For A Healthy Ukrainian Nation

KIEV, Ukraine -- As medical researchers continue to publish more information on how to stay healthy in the West, makers of alcoholic beverages and tobacco products increasingly find themselves on the defensive.

Cigarette billboard advertising in Kiev

This has been going on for decades in North America and, more recently, Europe, fueled as much by the rising cost of health insurance as changing public attitudes.

Ukraine, like many of its immediate neighbors, has been slow to catch on to the trend. Drinking is deeply imbedded in the national culture, while smoking is widespread across class and gender lines.

Nevertheless, it is not unusual to encounter a non-smoking area in a Kyiv restaurant, and fitness centers are considered just as cool as night clubs among the capital’s more progressive inhabitants.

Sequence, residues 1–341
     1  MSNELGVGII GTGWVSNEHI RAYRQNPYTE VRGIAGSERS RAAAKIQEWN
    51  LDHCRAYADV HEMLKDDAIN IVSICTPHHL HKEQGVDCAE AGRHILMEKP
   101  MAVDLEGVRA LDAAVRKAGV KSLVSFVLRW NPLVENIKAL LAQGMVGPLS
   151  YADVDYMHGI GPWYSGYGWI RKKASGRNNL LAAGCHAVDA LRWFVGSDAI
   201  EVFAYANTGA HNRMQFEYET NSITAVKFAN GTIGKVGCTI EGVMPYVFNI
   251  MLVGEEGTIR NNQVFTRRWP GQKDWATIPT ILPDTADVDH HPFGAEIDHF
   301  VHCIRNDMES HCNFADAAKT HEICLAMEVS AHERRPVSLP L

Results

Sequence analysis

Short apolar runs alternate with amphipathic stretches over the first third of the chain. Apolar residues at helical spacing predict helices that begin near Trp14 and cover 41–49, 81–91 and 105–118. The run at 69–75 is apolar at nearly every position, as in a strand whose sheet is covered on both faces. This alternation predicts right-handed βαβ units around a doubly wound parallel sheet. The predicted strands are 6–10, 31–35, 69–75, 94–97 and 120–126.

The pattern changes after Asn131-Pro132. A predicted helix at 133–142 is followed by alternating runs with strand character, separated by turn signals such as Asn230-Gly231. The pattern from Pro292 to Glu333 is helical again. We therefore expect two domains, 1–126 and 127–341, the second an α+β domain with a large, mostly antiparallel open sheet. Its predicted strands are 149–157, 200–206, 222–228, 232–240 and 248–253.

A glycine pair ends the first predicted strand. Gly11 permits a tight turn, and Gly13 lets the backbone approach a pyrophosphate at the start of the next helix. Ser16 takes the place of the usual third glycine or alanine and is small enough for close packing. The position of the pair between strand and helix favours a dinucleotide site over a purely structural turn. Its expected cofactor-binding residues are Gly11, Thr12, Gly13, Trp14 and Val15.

In short, the culture is changing. As often happens with fashion, tastes or public morals, change is being introduced from abroad, adopted by the cultural elite and filtered down to the masses.

In the West, the battle to decrease the use of tobacco and the abuse of alcoholic beverages has been bolstered by stiff legislation, as well as public information campaigns, to include restrictions on the way these products are advertised.

Ukrainian authorities have followed suit, or at least tried to give the impression of doing so – in their usual clumsy way.

The question is whether Kyiv’s administrative measures help things much or just create more headaches for the law-abiding and more opportunities for the corrupt.

As in the West, the advertisement of tobacco on TV is banned, and each package of cigarettes has a health warning printed on it. Restrictions on the promotion of booze are somewhat less stringent.

However, this is about as close as the parallels get.

For example, Ukrainian television audiences are subject to advertising by a wide variety of beer and vodka brands, whose producers say they are promoting the trademark, not the drink.